When deciding on purchasing a property of interest, have you ever wondered what about the neighbouring area of the Site? Can the surrounding properties pose an environmental risk to my property of interest?
The answer to that question is yes. The properties in close proximity to your property of interest, can also pose an environmental risk to your potential property.
Land uses such as a gasoline service station, automotive repair garage, dry cleaning facilities, and manufacturing facilities can pose an environmental risk to your property, specifically if these properties are located up-gradient to your Site (at a higher elevation with respect to the direction of groundwater flow) or are located immediately adjacent to a property boundary of the Site of interest.
How is the Neighbouring Area Investigated?
The neighbouring area is initially addressed during a Phase I Environmental Site Assessment (ESA), which includes a historical record review for all properties located within a 250 metre (m) radius from the Site, which may pose an environmental risk to the potential property. Upon the identification of a potential environmental risk located within the 250 m radius, it is at the discretion of the Qualified Person (QP) conducting the ESA to determine the extent of risk (on the Site) that is associated with that property based on length of operations, type of operations, distance from the Site, location, historical records associated with the property, local topography and geology, etc. Should the QP identify a neighbouring property as an off-Site source of potential soil and groundwater contamination, an intrusive investigation (Phase II ESA) would be conducted on the property of interest in order to verify and/or refute the chemical quality of the soil and/or groundwater in the vicinity of that off-Site concern.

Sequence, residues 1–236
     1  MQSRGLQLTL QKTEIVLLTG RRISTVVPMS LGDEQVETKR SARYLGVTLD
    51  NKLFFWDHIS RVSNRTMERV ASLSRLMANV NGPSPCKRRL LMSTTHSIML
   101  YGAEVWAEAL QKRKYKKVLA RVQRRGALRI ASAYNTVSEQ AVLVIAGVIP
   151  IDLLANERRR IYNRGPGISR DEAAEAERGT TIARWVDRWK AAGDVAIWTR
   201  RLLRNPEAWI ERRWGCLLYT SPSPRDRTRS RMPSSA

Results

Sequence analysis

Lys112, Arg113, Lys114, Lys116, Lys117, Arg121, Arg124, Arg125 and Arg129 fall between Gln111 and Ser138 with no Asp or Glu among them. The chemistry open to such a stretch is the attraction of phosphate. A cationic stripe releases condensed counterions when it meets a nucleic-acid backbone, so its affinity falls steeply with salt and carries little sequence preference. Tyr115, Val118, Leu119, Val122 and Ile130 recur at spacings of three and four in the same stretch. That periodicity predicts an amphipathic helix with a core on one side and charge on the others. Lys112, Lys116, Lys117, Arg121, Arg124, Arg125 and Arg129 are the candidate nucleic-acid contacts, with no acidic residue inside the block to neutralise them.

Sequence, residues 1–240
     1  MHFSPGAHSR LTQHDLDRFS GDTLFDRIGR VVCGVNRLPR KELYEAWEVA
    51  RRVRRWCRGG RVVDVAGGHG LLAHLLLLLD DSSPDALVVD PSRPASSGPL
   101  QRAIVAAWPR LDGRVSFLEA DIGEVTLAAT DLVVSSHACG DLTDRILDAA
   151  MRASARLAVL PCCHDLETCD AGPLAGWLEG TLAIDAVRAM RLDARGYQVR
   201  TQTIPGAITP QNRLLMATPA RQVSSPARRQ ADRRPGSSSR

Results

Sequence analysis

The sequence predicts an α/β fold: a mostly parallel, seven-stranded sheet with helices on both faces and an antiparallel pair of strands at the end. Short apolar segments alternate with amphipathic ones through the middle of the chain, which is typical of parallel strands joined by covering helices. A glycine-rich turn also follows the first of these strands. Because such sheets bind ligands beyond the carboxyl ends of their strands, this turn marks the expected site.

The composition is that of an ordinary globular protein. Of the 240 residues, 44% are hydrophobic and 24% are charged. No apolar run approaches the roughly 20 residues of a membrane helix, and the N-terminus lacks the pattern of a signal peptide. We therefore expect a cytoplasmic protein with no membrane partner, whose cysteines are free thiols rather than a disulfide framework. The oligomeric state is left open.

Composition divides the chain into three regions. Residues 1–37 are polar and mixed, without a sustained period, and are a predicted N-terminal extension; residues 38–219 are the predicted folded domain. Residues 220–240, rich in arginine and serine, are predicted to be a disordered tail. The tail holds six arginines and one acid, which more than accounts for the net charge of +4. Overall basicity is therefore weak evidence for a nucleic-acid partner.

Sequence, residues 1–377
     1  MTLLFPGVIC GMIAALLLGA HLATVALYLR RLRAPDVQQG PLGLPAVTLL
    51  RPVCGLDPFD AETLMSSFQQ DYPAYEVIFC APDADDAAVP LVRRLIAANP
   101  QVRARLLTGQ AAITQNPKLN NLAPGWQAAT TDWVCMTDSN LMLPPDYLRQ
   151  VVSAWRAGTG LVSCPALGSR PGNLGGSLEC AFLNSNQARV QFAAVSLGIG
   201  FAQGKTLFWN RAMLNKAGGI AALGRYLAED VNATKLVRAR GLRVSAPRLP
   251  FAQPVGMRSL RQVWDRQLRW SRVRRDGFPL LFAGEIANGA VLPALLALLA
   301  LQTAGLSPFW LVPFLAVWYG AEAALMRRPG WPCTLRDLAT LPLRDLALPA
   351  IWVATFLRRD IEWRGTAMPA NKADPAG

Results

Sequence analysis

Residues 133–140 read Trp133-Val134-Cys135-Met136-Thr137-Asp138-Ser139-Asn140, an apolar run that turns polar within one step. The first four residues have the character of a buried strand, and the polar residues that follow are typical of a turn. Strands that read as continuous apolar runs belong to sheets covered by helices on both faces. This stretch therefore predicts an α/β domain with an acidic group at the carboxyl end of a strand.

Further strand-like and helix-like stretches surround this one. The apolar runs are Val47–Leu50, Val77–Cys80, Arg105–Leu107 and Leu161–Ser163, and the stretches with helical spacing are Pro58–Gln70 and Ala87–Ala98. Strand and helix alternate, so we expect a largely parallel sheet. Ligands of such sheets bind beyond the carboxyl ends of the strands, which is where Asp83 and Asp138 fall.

A borehole layout would be designed so that a drilling location where soil and/or groundwater samples would be collected is placed in the immediate vicinity of the off-Site concern. Subsequently, a sampling and analysis plan is developed to identify the types of samples to be collected at each borehole location (i.e., soil and/or groundwater), type of contaminants to be analyzed for (i.e., metals), and the number of samples to be collected at each borehole.
What if the Neighbouring Property Caused Impacts on my Property?
If soil and/or groundwater impacts are identified on the neighbouring property and have migrated onto your property, the findings must be reported to the Ministry of Environment and Climate Change (MOECC) by the neighbouring property owner and they will be responsible to remediate the impacted area. If the neighbouring property owner chooses to decline responsibility of the clean-up, then the present land owner would be responsible to conduct the remediation program. If the neighbouring property owners are unable to agree on a plan of action and associated expenses, either individually or with the MOECC, than typically legal counsel is retained to represent both parties in order to finalize a firm agreement between property owners.